Just Six Weeks Before His Assassination, Abraham Lincoln Wants a Boy to Find Service in His Administration

He assists him after the boy was refused army enlistment because of his age

An uncommon autograph, showing Lincoln’s tender-heartedness and compassion as President, and his concern for the boys of the Civil War

Lincoln earned a reputation as a deeply compassionate and kind man, and this reputation reached from the battlefields into American legend. This is the picture that has come down to...

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Just Six Weeks Before His Assassination, Abraham Lincoln Wants a Boy to Find Service in His Administration

He assists him after the boy was refused army enlistment because of his age

An uncommon autograph, showing Lincoln’s tender-heartedness and compassion as President, and his concern for the boys of the Civil War

Lincoln earned a reputation as a deeply compassionate and kind man, and this reputation reached from the battlefields into American legend. This is the picture that has come down to us, and we envision him as a man who was generous of spirit, who pardoned soldiers who fell asleep on guard duty, showed leniency whenever possible, and aided the needy.  Because of his position as President, he had opportunities to prove or disprove this reputation, as many requests for assistance, pardons, deferrals of executions, and pleas to aid soldiers came to him. His writings show that he seldom turned the needy aside.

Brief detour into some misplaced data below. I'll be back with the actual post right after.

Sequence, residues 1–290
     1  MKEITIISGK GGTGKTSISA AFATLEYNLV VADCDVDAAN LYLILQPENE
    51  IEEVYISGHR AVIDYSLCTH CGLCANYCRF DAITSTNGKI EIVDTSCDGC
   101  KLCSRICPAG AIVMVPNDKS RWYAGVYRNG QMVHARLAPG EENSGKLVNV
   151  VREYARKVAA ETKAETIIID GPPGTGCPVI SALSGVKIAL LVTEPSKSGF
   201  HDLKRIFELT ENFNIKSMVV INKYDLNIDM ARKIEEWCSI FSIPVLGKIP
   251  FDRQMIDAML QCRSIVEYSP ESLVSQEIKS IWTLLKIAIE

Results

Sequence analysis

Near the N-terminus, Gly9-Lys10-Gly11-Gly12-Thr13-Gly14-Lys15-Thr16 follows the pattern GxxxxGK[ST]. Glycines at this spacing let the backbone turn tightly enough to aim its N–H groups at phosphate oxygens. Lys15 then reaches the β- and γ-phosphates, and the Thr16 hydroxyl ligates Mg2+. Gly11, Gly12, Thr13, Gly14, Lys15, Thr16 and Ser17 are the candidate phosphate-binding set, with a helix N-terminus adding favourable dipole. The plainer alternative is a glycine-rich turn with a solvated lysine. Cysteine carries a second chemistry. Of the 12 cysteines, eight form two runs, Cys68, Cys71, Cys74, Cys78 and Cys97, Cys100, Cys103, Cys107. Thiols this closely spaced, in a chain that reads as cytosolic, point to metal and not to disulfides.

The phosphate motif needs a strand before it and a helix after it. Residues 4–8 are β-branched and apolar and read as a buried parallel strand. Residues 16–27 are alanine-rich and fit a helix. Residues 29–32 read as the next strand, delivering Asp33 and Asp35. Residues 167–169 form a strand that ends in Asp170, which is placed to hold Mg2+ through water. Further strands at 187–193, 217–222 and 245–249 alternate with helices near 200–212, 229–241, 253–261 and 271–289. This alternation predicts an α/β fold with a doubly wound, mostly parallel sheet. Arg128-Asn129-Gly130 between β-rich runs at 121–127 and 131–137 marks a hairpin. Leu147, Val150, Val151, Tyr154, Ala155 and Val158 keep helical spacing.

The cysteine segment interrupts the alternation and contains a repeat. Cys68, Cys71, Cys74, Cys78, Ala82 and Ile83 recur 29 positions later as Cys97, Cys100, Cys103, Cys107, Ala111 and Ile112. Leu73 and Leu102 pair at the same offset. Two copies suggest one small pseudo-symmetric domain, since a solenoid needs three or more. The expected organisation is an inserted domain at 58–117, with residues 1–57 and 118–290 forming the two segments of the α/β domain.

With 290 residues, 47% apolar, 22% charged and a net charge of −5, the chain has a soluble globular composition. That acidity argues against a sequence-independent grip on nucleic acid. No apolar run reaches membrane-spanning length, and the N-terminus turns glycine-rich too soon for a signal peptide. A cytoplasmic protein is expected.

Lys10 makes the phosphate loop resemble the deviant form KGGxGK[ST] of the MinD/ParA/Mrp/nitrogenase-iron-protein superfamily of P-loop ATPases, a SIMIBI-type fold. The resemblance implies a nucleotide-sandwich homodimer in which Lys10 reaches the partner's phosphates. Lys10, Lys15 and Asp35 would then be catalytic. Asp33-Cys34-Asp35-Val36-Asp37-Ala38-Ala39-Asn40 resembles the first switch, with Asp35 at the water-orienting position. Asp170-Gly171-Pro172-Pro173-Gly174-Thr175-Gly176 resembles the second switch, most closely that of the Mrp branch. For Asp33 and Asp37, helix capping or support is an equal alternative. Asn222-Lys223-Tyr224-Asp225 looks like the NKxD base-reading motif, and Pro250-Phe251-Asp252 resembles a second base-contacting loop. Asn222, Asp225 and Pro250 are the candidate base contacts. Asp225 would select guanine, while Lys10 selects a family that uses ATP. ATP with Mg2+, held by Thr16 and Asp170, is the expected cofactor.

Lincoln always displayed this compassion in his treatment of the young, perhaps due to his having lost three of his own when they were still young.  It is uncommon for any autograph or document of Lincoln’s relating to them  to reach the marketplace, this being one of that small number.

Here, on February 28, 1865, he intervenes to find government employment for a boy too young for military service, and whose mother was sickly and unable to support herself. Autograph endorsement signed, Washington, February 28, 1865. “I shall be obliged if any Department or Bureau can give this young man the employment he seeks.”

The boy had prepared a letter for the President asking directly for aid. Although only part of his letter is still present, and his name is unknown, we learn a great deal from the portion that remains. He wrote, “…being considered too young to join in the service of his country after twice making the attempt, desires to get employment in one of the departments as assistant messenger, and by that to help support his mother who is aged and not able to support herself. His father served in the War of 1812 and has been dead some six years…”. The endorsement having no addressee, it is clear that he received it from the President in person, with the intention of walking the endorsement around to departments in search of work.

Throughout his presidency, anyone could come and see President Lincoln just by showing up, and discuss with him any subject. Lincoln’s open office door policy and remarkable accessibility had a powerful and personal effect on the nation. Originally he had no time limits, but eventually was required to limit the general public to twice weekly, for five hours each session, from 10 a.m. until 3 p.m. By war’s end the public hours were cut back to three hours per session. Under the revised system, Lincoln joked, every applicant had to take his turn “as if waiting to be shaved at a barber’s shop.” So this boy had walked into the President’s office, and walked out with this endorsement.

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